Few people would publish a book or paper without having it first reviewed by an editor, or even simply someone they trust to have a good handle on the language. Yet, most colleges and universities publish online courses without a once over by an editor. I realize that some of this is due to an incorrect interpretation of academic freedom, but I’m not going to discuss that in this article. The consequence of errors in a public publication falls primarily on the author (or journal), however the consequence of errors in an online course primarily falls on the recipient (the student).
My experience, in the field of course design and development, is that while schools build teams of instructional designers, and invest in multimedia programs to enhance their online courses, few have course editors on their teams. And, while I would never claim to be capable of being an editor myself, my experience as a student in online courses, and as a course reviewer, is that many courses have significant errors in grammar, spelling, and syntax. In one of my graduate courses, the language was so bad it became a huge distraction. While I had a genuine respect for this individual’s knowledge of the subject matter, it was clear the individual had great difficulty in communicating clearly in writing. The large number of errors made some parts of the content almost unreadable, and the descriptions of various assignments extremely unclear. This problem existed throughout the entire semester. A course editor could’ve made all of this better for everyone concerned: the professor and the students. This is by far not the only course I’ve seen with these issues, though this was probably the worst.
Recently, I experienced this same problem in a MOOC offered by Stanford. The course had probably spent months in development. It was nicely designed, with high-end and entertaining video. But, there were numerous blatant grammatical errors in the audio, and text. A large portion of the forum posts complained of the language errors–some quite strongly. What made this particularly problematic, was that many of the students were not native English speakers.
What are the negative consequences of poorly written courses? Well, the first is that credibility can be negatively impacted. Cognitively, it increases the effort a student needs to process the information–sometimes significantly. In terms of Cognitive Load Theory, it increases extraneous load–which means it is more difficult for the student to learn the material–it negatively impacts learning. But, it can also give students the incorrect information, and it can create problems with assessment of student learning. For example, if a student misunderstands a poorly written question, or misunderstands what the assessment is asking the student to produce, then the student’s answer is an inaccurate measurement of what the student knows or is capable of doing. The assessment is invalid.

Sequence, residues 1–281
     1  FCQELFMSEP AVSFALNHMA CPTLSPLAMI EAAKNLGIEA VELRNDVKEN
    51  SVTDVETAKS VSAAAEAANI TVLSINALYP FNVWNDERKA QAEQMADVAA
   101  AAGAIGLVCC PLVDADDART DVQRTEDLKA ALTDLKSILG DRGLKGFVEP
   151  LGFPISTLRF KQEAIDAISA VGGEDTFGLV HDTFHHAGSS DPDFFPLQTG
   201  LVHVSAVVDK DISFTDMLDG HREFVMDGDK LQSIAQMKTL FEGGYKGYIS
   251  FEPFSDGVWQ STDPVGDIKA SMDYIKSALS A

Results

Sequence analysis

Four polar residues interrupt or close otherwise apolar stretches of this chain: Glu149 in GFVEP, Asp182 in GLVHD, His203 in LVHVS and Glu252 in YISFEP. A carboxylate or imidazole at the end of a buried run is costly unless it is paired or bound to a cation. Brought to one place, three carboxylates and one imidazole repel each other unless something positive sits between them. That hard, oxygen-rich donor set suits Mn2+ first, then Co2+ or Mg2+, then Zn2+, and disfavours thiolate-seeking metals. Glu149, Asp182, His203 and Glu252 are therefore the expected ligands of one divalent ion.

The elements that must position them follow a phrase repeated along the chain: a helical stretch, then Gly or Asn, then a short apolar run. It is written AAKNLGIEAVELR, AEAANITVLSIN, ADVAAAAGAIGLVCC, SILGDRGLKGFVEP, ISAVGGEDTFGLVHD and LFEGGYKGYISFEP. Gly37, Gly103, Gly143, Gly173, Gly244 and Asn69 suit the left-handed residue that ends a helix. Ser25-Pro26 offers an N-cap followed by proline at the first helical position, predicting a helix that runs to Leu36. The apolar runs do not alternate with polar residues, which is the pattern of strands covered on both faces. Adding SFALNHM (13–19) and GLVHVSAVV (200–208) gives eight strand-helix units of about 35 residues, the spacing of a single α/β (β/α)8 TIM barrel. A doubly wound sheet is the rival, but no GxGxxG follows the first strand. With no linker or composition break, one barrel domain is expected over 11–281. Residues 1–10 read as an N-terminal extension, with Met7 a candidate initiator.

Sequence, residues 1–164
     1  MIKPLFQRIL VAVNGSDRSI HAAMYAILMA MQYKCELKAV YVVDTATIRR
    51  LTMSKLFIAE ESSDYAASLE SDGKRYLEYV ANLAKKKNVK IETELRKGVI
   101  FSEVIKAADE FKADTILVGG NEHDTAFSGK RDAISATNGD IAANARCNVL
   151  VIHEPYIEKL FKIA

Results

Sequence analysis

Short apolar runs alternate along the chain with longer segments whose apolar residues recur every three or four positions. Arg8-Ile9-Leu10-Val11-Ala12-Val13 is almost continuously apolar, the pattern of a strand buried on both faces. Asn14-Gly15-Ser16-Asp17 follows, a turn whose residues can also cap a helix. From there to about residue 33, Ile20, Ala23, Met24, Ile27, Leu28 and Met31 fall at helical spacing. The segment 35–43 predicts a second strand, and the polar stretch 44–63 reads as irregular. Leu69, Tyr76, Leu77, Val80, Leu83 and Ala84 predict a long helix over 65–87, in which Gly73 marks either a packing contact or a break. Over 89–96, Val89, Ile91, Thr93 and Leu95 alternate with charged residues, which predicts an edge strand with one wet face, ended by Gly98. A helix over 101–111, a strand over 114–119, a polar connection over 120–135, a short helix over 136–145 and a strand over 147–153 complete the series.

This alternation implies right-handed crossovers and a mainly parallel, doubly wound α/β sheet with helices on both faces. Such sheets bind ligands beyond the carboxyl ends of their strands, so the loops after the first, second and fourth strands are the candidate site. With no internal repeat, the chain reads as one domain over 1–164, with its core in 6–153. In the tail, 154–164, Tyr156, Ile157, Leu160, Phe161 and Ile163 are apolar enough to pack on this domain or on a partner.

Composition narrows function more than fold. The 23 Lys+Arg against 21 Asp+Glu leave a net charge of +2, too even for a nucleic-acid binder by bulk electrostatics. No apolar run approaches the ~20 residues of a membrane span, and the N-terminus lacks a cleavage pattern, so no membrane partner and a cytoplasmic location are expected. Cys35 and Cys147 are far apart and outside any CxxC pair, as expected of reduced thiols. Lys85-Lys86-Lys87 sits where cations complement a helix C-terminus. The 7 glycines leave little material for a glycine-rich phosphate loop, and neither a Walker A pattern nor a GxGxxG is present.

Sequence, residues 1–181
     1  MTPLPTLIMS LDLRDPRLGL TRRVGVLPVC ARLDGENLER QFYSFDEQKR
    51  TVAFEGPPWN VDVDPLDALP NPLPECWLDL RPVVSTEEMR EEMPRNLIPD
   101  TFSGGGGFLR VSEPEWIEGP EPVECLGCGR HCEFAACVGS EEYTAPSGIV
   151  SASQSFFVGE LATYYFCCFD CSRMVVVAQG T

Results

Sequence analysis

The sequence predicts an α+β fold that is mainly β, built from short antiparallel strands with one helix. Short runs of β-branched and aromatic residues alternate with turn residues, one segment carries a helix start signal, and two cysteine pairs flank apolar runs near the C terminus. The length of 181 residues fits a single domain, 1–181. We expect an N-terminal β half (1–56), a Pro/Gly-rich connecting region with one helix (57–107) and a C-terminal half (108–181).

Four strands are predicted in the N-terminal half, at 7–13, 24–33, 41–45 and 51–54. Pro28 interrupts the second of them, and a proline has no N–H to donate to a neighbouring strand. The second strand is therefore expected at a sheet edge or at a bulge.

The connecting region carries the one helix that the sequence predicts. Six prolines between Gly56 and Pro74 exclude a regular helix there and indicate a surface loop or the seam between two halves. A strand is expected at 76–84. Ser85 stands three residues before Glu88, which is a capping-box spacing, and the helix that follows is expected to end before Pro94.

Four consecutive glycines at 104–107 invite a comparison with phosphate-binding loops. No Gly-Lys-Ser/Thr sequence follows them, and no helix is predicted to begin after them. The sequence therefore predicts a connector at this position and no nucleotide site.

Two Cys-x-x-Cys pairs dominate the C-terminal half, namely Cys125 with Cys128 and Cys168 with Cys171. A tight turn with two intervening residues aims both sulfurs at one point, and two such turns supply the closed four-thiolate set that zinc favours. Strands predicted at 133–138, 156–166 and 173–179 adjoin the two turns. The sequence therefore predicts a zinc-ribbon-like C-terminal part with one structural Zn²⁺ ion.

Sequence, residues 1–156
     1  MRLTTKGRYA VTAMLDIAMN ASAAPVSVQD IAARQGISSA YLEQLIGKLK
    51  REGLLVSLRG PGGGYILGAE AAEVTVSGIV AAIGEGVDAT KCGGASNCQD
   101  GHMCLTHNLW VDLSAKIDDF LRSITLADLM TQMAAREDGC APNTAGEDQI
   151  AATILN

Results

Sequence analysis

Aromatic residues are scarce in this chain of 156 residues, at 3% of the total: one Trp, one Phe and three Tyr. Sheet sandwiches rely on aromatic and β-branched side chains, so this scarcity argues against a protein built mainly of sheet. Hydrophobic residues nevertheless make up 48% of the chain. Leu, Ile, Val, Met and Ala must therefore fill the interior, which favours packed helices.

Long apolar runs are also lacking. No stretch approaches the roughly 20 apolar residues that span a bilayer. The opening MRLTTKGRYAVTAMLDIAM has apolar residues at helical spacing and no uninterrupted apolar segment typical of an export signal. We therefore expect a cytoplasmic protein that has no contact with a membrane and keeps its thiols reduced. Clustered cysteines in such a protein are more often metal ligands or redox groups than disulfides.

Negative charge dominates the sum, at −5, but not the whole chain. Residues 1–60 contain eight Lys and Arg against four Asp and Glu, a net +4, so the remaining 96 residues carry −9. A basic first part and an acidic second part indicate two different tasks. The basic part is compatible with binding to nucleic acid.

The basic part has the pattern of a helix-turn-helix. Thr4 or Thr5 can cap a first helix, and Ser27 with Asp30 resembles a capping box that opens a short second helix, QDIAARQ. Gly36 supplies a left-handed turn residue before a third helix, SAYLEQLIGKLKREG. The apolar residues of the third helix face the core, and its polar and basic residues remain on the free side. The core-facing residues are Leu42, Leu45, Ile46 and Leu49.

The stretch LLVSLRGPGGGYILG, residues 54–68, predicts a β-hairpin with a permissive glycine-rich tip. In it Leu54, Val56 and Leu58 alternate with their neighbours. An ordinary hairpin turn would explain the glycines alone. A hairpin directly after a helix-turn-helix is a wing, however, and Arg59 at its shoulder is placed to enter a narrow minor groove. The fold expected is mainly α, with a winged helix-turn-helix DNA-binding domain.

Often, we can use the context of a sentence to help us correctly interpret a poorly written sentence. For example, if we read a note: “Let’s eat Mom”, we would know the sentence is not suggesting we eat Mom, but rather “Let’s eat, Mom”. However, grammatically incorrect content, with which we have little familiarity or limited understanding, may not be easily interpreted correctly.
It is important for institutions to think of online courses as published materials, and insure they are reviewed by editors to the same degree that the school would like all of their public facing materials reviewed.
Ask someone, who was an elementary student in the 60s and 70s, if they remember SRA Reading and you may hear fond memories about various colored folders and the desire to reach the next color. My experience is that many of them can even remember particular readings. SRA was a program for Mastery Level Reading–a form of CBL. SRA Reading Kits were first published in 1957. They were the creation of Don H. Parker, and were created to solve a very real classroom problem–the need for individualized reading instruction. In his book, A History of the Reading Laboratory, he wrote “I tried to formulate my goal: to let each student start where he is and move ahead as fast and as far as his learning rate and capacity would let him. (Nowadays I’d say ‘him or her’)”
The concept behind SRA Reading was simple: based on pretests, students began their reading program at their current reading and then progressed at their own rate. They could not go to the next color, until they could show mastery in the current level. The color coded charts and folders provided students with tangible evidence of progress. The most significant downside to the program was that students sometimes measured their progress against others, rather than against their own progress. Achievement became competitive. Some thrived in this environment, and others became discouraged. Studies have shown, regardless, that the programs was (and still is) an effective educational program.
Yes, the SRA program still exists (http://www.srareadinglabs.com/) and now even comes in an electronic version. But can we ever eliminate students comparing themselves to each other? Should we? Or, should we, can we, develop programs where it won’t matter? That is just one of the challenges education has always faced. Personalize Learning Plans may be the best method for achieving CBL, while eliminating the comparisons that often create discouragement, dropouts, and failures.